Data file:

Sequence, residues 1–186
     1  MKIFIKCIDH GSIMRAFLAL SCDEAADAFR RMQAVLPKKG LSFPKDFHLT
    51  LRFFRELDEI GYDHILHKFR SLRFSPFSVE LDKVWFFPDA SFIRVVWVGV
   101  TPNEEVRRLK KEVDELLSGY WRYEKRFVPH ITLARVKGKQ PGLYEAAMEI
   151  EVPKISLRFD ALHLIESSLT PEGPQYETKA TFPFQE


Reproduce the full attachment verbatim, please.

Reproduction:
Sequence, residues 1–186
     1  MKIFIKCIDH GSIMRAFLAL SCDEAADAFR RMQAVLPKKG LSFPKDFHLT
    51  LRFFRELDEI GYDHILHKFR SLRFSPFSVE LDKVWFFPDA SFIRVVWVGV
   101  TPNEEVRRLK KEVDELLSGY WRYEKRFVPH ITLARVKGKQ PGLYEAAMEI
   151  EVPKISLRFD ALHLIESSLT PEGPQYETKA TFPFQE